Advertisers are on the verge of executing a “one audience everywhere” strategy, thanks to decades of technological progress. But before advertisers can execute that strategy and reap the benefits in media efficiency and advertising effectiveness, they must first clear some operational hurdles.
The next generation of ad tech is built for convergence. The previous generation wasn’t.
To understand the first generation of programmatic advertising—the model advertisers must now disrupt—we need to consider the fundamental challenges the last generation of ad tech solved for, and ask what’s changed in the intervening years.
The first generation of programmatic advertising technology was built to create value in remnant display media. The tech was based on two key assumptions: First, you’ll always have user measurement (browser cookies). Second, supply is infinite—which means marketers can plug in their audiences and cherry-pick only those impressions they want to buy. Today, television and digital media are converging, and those two assumptions are no longer true. Measurement for both connected TV and linear TV is fundamentally different and occurs through viewership panels. Meanwhile, premium TV supply is constrained. As a result, the TV marketplace transacts in upfronts. As a recent Forrester report found, we have a new generation of ad tech built for convergence that marries an upfront buying model with targeting and optimization capabilities.
While the future is converged media, the present is defined by outdated operational models, fragmentation and changing audience behavior. According to a Nielsen report, audiences access media in a myriad of ways simultaneously. These dynamics weren’t in place when the previous generation of ad tech was built. That’s why the most pressing challenge is the fact that most marketing enterprises operating today are built for a siloed media ecosystem.
On the one hand, there’s digital and mobile—an increasing amount of which is being activated in-house by brands. On the other side, there’s television, which remains the province of the agency. Advertisers think about how to allocate budget and resources between channels, which is a polite way of saying: every channel must fight for dollars and relevance within the organization. That friction persists, however, because we’re missing the common measurement across channels, as well as the planning and operational/organizational alignment needed to bridge them together.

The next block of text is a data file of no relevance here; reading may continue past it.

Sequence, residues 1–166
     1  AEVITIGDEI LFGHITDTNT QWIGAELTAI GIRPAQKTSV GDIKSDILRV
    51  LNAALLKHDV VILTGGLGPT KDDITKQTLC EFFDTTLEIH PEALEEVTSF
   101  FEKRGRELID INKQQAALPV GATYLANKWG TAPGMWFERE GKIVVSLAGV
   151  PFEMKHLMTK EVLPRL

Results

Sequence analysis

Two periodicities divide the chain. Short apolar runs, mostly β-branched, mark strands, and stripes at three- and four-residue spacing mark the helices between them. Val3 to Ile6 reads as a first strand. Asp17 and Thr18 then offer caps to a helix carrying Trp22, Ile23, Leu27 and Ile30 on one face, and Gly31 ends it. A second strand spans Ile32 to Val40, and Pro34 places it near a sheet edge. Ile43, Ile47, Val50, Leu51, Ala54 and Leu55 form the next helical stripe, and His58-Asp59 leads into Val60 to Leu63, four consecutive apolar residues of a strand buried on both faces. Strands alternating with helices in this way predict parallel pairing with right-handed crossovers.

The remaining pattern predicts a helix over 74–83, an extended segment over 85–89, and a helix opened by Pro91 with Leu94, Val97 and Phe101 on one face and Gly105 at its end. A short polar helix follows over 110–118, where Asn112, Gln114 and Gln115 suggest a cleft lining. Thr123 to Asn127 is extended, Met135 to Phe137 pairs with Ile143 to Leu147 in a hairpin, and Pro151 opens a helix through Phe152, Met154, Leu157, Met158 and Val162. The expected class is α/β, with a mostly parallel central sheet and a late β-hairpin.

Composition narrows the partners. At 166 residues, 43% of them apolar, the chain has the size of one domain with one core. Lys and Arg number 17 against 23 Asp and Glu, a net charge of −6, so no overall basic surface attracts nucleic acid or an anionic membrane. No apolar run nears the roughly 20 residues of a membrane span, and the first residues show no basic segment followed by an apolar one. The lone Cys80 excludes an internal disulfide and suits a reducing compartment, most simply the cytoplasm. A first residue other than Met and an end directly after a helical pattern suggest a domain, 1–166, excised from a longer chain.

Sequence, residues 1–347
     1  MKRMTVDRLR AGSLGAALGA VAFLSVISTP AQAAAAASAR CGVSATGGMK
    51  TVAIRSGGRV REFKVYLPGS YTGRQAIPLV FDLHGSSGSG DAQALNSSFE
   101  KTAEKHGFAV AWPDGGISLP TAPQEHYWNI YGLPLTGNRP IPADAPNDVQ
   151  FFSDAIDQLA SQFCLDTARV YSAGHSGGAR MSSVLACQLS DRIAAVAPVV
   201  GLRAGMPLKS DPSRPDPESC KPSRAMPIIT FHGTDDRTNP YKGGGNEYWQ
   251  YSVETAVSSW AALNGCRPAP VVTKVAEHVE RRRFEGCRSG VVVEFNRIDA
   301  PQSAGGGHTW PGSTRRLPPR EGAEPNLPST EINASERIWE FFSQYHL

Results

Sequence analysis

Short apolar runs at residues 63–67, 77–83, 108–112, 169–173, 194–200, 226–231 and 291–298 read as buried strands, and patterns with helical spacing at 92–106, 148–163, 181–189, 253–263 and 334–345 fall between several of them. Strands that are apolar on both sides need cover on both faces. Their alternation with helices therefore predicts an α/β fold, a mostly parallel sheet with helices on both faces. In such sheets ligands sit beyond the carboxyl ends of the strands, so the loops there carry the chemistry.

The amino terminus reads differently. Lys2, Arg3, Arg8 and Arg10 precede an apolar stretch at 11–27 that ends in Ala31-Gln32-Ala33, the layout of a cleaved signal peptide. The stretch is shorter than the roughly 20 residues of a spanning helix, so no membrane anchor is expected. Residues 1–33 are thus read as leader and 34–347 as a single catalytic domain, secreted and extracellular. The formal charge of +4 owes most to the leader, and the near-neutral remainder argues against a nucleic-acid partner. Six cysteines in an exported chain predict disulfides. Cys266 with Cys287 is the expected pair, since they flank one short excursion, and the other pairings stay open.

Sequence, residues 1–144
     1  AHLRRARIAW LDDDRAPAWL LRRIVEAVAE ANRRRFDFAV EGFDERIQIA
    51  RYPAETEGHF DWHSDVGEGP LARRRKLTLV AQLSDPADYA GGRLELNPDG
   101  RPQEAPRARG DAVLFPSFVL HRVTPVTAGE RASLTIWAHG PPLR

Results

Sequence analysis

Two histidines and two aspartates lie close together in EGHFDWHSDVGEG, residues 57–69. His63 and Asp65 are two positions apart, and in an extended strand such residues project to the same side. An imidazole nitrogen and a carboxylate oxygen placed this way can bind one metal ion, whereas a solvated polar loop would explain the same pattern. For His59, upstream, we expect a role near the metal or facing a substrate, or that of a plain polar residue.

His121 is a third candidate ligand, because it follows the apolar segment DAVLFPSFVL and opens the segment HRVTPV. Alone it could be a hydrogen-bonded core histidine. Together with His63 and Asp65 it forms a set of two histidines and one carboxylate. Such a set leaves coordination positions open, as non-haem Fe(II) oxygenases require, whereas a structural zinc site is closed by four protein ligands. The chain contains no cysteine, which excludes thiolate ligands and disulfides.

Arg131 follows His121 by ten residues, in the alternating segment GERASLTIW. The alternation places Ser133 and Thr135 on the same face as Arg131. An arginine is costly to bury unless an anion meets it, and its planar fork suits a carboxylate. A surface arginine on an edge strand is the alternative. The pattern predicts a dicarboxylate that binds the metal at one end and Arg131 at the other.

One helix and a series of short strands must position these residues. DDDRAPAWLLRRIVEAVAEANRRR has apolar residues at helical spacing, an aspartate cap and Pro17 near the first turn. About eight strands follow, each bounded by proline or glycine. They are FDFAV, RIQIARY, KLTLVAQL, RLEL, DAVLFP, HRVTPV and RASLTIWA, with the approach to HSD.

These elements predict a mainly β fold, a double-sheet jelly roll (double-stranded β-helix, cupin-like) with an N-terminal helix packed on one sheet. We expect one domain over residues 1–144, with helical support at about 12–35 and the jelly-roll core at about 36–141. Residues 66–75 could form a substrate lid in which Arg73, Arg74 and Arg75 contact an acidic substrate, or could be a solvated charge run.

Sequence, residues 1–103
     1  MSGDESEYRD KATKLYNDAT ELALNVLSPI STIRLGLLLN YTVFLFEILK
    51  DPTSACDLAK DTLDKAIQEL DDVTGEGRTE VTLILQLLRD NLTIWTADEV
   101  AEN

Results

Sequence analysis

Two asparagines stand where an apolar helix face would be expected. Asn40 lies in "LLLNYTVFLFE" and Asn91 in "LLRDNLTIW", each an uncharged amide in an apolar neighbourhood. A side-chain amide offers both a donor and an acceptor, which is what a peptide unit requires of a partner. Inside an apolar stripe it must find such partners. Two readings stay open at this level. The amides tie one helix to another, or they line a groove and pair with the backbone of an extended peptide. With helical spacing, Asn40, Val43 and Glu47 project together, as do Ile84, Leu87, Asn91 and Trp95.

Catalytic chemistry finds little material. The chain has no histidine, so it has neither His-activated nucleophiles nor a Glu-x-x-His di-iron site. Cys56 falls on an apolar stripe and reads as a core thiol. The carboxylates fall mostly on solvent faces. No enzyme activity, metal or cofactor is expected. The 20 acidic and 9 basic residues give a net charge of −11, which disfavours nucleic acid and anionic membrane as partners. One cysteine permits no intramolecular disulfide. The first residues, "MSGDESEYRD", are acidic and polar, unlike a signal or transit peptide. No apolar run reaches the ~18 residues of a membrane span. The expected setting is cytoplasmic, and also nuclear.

Advertisers need to move quickly and disrupt their operations
By connecting television with digital, advertisers can focus on audiences. For example, it’s now possible to utilize your first-party digital audience data to drive your linear upfront planning. Using the same audience data and converged measurements ensures your TV and digital buys all work in unison. But the next step requires brands to align budgets, operations and organizations. Whether digital or television, in-house or agency, teams need to agree on common data processes and tools. Some may see this as an invitation for a turf war. But that mindset is counterproductive because it misses the forest for the trees.
The key objective of this disruption is to create an alignment that delivers ongoing synchronization. Changes to the television portion of an audience-based media plan inevitably impact the digital side and vice versa. Or, put another way, executing a “one audience everywhere” strategy means that all stakeholders must come together and work in unison because fragmentation and changing consumer behavior make the idea of favoring one channel over another untenable.
Ultimately, brands that synchronize operations will align the buy and sell-side around their audiences. The faster advertisers can pull off this disruption, the better. In the short-run, there’s an advantage for any brand that can exploit the inefficiency in the current misaligned market. But long-term, marketers need to build expertise around “one audience everywhere” strategies. The sooner marketers learn the new model, the faster they’ll be able to apply those lessons and identify opportunities they haven’t considered yet.
Author Philip Smolin is chief strategy officer for Amobee. As chief strategy officer, Philip Smolin is responsible for driving Amobee’s global strategy and key growth initiatives that integrate data, analytics and programmatic activation to deliver industry-leading solutions for global marketers operating on the Amobee platform.